olafphoto

Administrator
Staff member
South Africa - chased by a large alpha male elephant that was asserting his dominance. Once he was satisfied that we were yielding, he stopped. With respect to humans, I drove with nothing in the car, on the seats, because smash and grab is popular. I once took a wrong turn at night and headed towards an informal settlement, after dinner with friends. A friend driving ahead of me saw me turn in his mirror, loaded his gun and was about to come after me. I realized my mistake when the pavement ended after 20 meters and turned around without incident.

Alaska - during springtime in the mountains I was searching for mountain sheep to photograph. As I was crossing a snowfield, the unstable snow collapsed and I slid towards the precipice no more than 30 meters down the slope. Fortunately, I had positioned myself above some alders growing at the edge. As I slid past the alders I gently grabbed them so that I would not uproot them. My fall took about 2-3 seconds total and the guy I was with said that I was moving fast and did not expect me to survive.

Swiss alps - hiking along a ledge with a rock wall on one side and 300 meter drop on the other. I was carrying 15-20 kilos of gear in a pack, which made it more scary. I became very intimate with the rock wall, hugging it as I sidestepped along the ledge. I have avoided routes like this since.
Wow! All great stories! Thanks for sharing.
 

Robert Campbell

Active member
I don't think that I was that welcome at an IRA hunger striker's funeral in 1974.View attachment 176563
That was presumably the funeral of Michael Gaughan in 1974.

Hunger strikes have a long history in Ireland, with the most recent being during "The Troubles" in the early 1980s.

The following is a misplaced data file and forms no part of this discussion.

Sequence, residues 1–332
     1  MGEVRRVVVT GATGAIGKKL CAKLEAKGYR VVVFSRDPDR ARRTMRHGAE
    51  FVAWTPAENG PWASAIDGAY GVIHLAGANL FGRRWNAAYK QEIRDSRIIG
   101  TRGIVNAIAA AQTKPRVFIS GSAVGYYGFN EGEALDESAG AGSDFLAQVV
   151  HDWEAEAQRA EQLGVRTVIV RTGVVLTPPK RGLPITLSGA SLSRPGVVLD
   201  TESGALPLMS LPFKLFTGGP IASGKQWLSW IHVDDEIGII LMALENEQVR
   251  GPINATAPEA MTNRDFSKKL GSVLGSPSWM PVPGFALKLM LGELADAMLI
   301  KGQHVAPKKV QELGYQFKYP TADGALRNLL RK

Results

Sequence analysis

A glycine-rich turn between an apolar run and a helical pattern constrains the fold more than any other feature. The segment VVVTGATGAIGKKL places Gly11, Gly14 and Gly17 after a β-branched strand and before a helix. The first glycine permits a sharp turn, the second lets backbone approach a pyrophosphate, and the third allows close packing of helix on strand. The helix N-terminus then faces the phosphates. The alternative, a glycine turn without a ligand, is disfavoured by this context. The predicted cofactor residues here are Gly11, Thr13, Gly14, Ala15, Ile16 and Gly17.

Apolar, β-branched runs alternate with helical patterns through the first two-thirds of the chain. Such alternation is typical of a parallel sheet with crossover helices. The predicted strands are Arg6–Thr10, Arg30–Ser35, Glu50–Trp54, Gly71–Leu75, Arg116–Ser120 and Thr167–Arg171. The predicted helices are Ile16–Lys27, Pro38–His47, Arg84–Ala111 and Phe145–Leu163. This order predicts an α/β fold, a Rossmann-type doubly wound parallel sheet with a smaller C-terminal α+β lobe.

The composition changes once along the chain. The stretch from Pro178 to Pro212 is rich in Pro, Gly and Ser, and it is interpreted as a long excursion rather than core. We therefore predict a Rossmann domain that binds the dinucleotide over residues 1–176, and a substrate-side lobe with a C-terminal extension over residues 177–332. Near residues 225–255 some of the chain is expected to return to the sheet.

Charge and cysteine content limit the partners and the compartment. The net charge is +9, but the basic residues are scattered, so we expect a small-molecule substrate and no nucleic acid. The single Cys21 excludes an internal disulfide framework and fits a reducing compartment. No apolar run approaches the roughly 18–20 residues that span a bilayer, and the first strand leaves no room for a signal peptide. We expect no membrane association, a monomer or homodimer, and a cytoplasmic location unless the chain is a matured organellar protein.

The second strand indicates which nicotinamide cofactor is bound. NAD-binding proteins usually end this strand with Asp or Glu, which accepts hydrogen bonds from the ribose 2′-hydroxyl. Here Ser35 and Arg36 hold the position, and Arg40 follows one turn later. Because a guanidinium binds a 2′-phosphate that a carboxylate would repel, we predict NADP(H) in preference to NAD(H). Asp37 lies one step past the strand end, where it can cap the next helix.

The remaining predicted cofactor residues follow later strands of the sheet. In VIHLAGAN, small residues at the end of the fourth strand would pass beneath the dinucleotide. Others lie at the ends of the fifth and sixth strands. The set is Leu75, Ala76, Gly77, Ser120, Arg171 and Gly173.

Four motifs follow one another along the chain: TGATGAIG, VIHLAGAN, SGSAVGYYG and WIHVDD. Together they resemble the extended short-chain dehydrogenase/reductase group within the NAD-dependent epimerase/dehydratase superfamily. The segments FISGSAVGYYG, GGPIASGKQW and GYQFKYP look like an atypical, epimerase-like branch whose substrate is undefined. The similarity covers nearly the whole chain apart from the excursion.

There were lots of press photographers around from an early stage; the provincial ones usually covered mundane, everyday events; they suddenly found themselves "war photographers". A recent book describes and illustrates some of their adventures. There is also a film with the same name, though it's not always easy to view.

The late Clive Limkin was at the "Battle of the Bogside", a traditional date for the start of "The Troubles"; he too has a book on the subject.
 

MGrayson

Subscriber and Workshop Member
Well, not particularly unusual nor dangerous, but that's a statement about my risk aversion. What makes this unusual is that the shadows are all pointing TOWARDS the balloon shadow. I love the light tunnel effect. I can't convince myself of the reason for this. The light source being behind us may be enough, or the MUCH larger size of the sun. No doubt I'll come up with a technical and probably wrong explanation. Give me time... Oh, the location is in Provence - dangerous only to one's waistline.

Oh. The shadows are all parallel (the sun being far away), but the tops of the trees are moved outwards from our closer point of view. That explanation may even be right. :unsure:

Untitled by Matthew Grayson, on Flickr

Matt
 

Shashin

Well-known member
Matt, I think is simply angular difference between your angular view from the illumination axis (indicated by the balloon shadow) and that of the sun. You can see around or above the illuminated objects in relation to the sun's projection. Neat effect.
 

neilvan

Member
Had this Black bear walk up behind me in a local park a few years ago. I didn't realize it was there until I heard her snort. I turned around and my inner-photographer took over, I dropped to a knee and snapped off a couple before I started 'talking' to her, she went one direction, I went the other. I've had closer experiences with bears but typically at night (not as much fun!)

Captured with an E-M1/40-150Pro @ 110mm (220mm equiv.) in Coquitlam, BC, Canada